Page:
A large portion of your marketing budget is inevitably wasted, especially if you’re a small-to-medium-sized company. How do you recognize and separate out the wasteful elements and figure out where to reinvest to get the most out of what you saved?
A famous marketing expert once said, “Half the money I spend on advertising is wasted.” Fair enough. Marketing isn’t an exact science and you can never know for sure what will work and what won’t. But losing half of your investment isn’t the problematic part here, it’s figuring out which half you lost. Companies that don’t end up investing over and over again in the same areas that didn’t, and probably never will, produce any results.
Hmmm… sounds suspiciously like the infamous definition of insanity. So how do businesses fall into this trap? Usually, especially in small or medium-sized companies, a marketing budget is set more or less at random and divided up arbitrarily at the beginning of the year between various agencies and efforts that do different things. Even the digital revolution, which increased scientific precision in so many other areas, didn’t really allow companies to manage a dynamic marketing budget with a pulse or give them the ability to make any substantial ongoing changes. Everyone gets a fixed share, and not always for the right reasons. As a result, many aspects of marketing simply come to a standstill.
Identifying problem areas
Start following your efforts and their results on a regular basis. Experiment based on what you find. Cut 30% from one area and see what happens. You’ll definitely be met by a few surprises. Don’t forget that some things aren’t measurable with 100% precision (take brand awareness, for example) but even in these areas, it’s important to set goals and continuously examine your progress so you don’t discover two years later that you invested tens of thousands in likes from Indonesia. Whatever you saved one month can be put into something that did produce results next month. Then you’re improving results without spending one cent more.
How to save
1. Prioritize – don’t spread out your efforts across too many platforms if you don’t have a big budget.
2. Take offline measurements as well – Collect statistics on phone calls, make use of tools to connect between digital and non-digital like QR codes or, if you’re a restaurant, print out all of your expenses and compare it at the end of the evening to your sales data.
3. Test and reconsider your decisions constantly. If you take $1,000 away from one area, what will change?
4. Try to restructure your budget at least once every quarter, or once a month whenever possible. Then make constant adjustments according to results.
And the most important question: What do you do with the change?
You could give yourself a nice little bonus, but assuming that the goal isn’t to put more money in your pocket in the short term, but to get more out of the budget you’ve invested, here are a few smart things you could do with the funds you’ve freed up.
1. Find opportunities
You could use these funds to launch a new campaign to reach a new audience – one that doesn’t know you yet and hasn’t been exposed to your brand. You could also try a new platform that you don’t know as well but where you suspect that your target audience could be reached. The biggest surprises often come from just such places.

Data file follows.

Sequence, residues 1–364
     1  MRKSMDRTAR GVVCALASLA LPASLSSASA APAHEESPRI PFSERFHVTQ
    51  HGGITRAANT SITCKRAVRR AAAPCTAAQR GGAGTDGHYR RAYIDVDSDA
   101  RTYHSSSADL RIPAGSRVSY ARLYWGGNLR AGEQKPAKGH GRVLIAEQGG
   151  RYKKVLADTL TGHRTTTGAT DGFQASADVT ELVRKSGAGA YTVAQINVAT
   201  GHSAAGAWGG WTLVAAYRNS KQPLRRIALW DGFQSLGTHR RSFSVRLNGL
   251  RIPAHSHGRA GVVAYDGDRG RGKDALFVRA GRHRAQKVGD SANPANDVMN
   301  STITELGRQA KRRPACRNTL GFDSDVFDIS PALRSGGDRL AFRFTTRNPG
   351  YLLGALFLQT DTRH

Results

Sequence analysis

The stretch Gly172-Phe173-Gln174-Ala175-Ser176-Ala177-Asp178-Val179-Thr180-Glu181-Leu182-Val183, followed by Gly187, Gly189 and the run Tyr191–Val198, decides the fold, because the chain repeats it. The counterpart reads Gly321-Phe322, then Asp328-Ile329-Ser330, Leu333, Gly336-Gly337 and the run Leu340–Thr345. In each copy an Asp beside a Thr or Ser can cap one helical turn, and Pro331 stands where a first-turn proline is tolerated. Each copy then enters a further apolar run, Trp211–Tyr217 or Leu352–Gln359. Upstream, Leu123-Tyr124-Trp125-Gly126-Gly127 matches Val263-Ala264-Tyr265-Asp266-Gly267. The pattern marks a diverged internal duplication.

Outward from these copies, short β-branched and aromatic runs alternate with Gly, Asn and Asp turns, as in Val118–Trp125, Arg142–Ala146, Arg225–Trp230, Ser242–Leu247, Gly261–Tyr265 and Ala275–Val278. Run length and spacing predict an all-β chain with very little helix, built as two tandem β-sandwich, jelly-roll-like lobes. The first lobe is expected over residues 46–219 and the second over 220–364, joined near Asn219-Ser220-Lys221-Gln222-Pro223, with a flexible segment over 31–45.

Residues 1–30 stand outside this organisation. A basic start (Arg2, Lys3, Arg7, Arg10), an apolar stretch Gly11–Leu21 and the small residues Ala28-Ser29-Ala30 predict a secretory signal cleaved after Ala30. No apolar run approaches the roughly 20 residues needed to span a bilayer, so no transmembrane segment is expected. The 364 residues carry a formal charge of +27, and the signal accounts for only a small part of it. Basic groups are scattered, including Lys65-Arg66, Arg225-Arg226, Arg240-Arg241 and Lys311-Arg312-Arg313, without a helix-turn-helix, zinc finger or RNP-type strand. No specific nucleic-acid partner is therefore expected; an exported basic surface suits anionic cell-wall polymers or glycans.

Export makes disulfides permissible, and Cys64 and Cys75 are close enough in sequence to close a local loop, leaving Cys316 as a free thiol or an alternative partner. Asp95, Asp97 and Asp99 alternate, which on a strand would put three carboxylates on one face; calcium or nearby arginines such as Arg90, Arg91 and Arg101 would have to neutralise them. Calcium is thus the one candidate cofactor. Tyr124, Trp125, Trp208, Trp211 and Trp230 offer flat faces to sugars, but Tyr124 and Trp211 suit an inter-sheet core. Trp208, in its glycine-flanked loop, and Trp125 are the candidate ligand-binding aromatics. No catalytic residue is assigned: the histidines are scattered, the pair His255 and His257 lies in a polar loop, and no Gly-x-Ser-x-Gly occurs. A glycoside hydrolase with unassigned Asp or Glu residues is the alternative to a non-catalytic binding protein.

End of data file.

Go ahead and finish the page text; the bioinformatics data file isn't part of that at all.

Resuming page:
2. Invest in your customers!
Most of a marketing budget is spent on advertisement, but have you ever thought of investing in customer retention? The way we see it, it’s always better to give a customer money rather than a platform. That’s why one of the first things we do for companies is to cut a little of the sides of advertising campaigns to put into improving the product and giving gifts to customers. That should absolutely be a part of your marketing budget. Start one campaign less and hand out more chasers.
An important note: Pay attention to what you’re offering. It needs to be something of value to the customer, but to you as well. Taking the example of a restaurant, instead of an appetizer that no one is interested in, you could offer a taste of your winter soups in the hope of creating habit among your customers and reaping the benefits in the future. Consider the results over time and see if it worked. If not, try something else.
3. Fewer leads, more sales
Most investment today goes towards improving leads to get them as hot and specific as possible. What happens after is usually thought to be less relevant. Here’s a suggestion: take part of your marketing budget and invest it in a good sales process. You might get fewer leads, but you’ll have more real-world sales.
4. Invest in your employees
With all due respect to strategy, those who carry it out are more important. Invest in them. If you chose them well, it will definitely be worth it. Save up for six months and send your employees on a cool trip; give them an extra half day vacation; or order take out on a Friday. There are an unlimited number of options.
Warning: Marketing content ahead
There’s no escaping from the truth: The most effective way of using your marketing budget is to manage it in a centralized way by putting it in the hands of one company. When you divide it up between several different providers, it’s very difficult to make ongoing adjustments, especially when it’s in the interest of the other party to keep the budget in their corner. Centralized management of the budget allows those in control of it to make cuts where needed and reinvest in channels that produce better results in real time. We just happen to know a company that does this work great! You can read more about them here.